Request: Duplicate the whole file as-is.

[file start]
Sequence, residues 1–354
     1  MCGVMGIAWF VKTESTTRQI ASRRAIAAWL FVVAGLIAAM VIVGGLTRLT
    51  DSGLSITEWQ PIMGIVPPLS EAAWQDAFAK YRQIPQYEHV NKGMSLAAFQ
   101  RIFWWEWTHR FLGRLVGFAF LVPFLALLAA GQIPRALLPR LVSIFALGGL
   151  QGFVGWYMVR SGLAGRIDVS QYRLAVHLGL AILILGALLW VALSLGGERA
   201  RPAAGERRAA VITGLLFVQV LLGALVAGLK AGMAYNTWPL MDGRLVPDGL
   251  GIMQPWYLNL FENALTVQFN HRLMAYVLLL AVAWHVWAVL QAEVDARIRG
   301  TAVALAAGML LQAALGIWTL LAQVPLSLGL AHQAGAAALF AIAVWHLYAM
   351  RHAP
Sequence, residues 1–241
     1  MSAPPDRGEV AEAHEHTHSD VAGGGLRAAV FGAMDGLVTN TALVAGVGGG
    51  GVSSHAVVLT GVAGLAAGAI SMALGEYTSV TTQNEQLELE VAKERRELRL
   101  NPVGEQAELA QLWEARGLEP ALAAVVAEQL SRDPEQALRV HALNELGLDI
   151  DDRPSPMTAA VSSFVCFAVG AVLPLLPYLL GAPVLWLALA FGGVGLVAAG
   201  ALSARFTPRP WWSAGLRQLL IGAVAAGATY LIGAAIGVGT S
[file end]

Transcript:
Sequence, residues 1–354
     1  MCGVMGIAWF VKTESTTRQI ASRRAIAAWL FVVAGLIAAM VIVGGLTRLT
    51  DSGLSITEWQ PIMGIVPPLS EAAWQDAFAK YRQIPQYEHV NKGMSLAAFQ
   101  RIFWWEWTHR FLGRLVGFAF LVPFLALLAA GQIPRALLPR LVSIFALGGL
   151  QGFVGWYMVR SGLAGRIDVS QYRLAVHLGL AILILGALLW VALSLGGERA
   201  RPAAGERRAA VITGLLFVQV LLGALVAGLK AGMAYNTWPL MDGRLVPDGL
   251  GIMQPWYLNL FENALTVQFN HRLMAYVLLL AVAWHVWAVL QAEVDARIRG
   301  TAVALAAGML LQAALGIWTL LAQVPLSLGL AHQAGAAALF AIAVWHLYAM
   351  RHAP
Sequence, residues 1–241
     1  MSAPPDRGEV AEAHEHTHSD VAGGGLRAAV FGAMDGLVTN TALVAGVGGG
    51  GVSSHAVVLT GVAGLAAGAI SMALGEYTSV TTQNEQLELE VAKERRELRL
   101  NPVGEQAELA QLWEARGLEP ALAAVVAEQL SRDPEQALRV HALNELGLDI
   151  DDRPSPMTAA VSSFVCFAVG AVLPLLPYLL GAPVLWLALA FGGVGLVAAG
   201  ALSARFTPRP WWSAGLRQLL IGAVAAGATY LIGAAIGVGT S